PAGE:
Blind Chinese dissident Chen Guangcheng says he left the U.S. Embassy in Beijing after Chinese authorities made death threats to his family.
Chen told the Associated Press on the phone that officials threatened to beat his wife to death.
Chen told the AP that U.S. officials relayed the threat from the Chinese side.
The U.S.-based rights group ChinaAid also said Chen made the decision reluctantly because of a "serious threat to his immediate family members."
However, U.S. State Department spokeswoman Victoria Nuland said in a statement that "at no time did any U.S. official speak to Chen about physical or legal threats to his wife and children. Nor did Chinese officials make any such threats to us."
Nuland confirmed that Chen intended to return to his family. However, she added that "U.S. interlocutors did make clear that if Chen elected to stay in the embassy, Chinese officials had indicated to us that his family would be returned to [their home province of] Shandong, and they would lose their opportunity to negotiate for reunification."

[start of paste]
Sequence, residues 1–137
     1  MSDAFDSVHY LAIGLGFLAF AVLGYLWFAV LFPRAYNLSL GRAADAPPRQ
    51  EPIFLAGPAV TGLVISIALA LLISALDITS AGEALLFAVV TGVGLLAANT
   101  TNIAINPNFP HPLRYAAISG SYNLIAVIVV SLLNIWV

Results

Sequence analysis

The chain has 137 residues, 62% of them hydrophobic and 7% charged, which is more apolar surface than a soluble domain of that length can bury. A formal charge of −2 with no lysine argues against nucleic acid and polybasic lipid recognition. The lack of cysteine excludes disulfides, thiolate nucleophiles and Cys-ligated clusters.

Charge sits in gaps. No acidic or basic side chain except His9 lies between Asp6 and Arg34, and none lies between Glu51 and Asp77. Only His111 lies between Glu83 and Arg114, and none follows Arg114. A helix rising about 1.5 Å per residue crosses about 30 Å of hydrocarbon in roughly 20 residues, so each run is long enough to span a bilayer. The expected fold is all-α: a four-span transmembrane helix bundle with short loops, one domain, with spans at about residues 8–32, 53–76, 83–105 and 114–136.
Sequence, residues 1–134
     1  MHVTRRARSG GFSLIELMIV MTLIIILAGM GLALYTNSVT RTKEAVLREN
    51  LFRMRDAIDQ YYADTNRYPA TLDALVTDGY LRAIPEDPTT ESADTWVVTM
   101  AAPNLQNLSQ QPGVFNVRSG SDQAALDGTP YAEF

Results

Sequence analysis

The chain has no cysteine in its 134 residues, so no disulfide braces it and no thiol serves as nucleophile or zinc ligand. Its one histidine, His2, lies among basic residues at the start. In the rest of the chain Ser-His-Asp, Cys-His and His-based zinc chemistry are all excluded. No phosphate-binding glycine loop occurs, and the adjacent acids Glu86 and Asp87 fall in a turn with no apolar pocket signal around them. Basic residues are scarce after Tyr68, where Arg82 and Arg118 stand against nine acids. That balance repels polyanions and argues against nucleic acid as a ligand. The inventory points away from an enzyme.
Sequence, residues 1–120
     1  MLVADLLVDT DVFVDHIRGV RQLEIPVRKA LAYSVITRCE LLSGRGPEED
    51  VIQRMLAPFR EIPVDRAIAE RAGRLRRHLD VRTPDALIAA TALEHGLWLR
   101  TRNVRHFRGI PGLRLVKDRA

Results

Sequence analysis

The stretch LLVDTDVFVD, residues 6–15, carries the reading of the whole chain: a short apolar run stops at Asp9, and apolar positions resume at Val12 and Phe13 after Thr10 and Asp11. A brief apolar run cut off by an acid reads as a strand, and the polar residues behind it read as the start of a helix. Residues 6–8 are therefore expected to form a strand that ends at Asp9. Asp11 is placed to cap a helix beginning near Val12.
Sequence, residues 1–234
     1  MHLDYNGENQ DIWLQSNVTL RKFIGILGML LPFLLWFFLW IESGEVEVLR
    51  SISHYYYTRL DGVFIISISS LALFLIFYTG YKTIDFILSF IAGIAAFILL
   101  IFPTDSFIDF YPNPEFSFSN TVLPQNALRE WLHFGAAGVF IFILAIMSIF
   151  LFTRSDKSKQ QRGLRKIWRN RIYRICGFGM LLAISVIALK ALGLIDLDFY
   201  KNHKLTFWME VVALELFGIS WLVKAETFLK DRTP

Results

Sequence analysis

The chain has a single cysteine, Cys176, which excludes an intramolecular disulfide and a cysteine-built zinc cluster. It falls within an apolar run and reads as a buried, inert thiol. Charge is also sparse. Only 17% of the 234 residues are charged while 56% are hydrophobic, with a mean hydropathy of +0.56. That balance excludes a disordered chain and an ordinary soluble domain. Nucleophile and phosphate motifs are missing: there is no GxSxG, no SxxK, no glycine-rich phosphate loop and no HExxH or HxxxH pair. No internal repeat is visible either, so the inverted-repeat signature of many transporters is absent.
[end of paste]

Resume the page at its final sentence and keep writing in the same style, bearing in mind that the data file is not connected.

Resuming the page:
Chinese state television announced on May 2 that Chen had left the U.S. Embassy of his own accord.
U.S. Secretary of State Hillary Clinton, who is in Beijing, has pledged that Washington would remain "committed" to Chen.
But CNN television quoted Chen as saying that he felt "let down" by the United States, and reaffirmed his desire to leave China.
Chen has angered the government in Beijing with his campaign to expose forced abortions under China's one-child policy.
Chen had escaped illegal house arrest and other mistreatment, seeking refuge at the U.S. Embassy last week. He emerged on May 2 and was taken to a nearby hospital.
In a statement, China's Foreign Ministry accused the United States of interfering in China's domestic affairs.
based on reporting by AP, AFP, and Reuters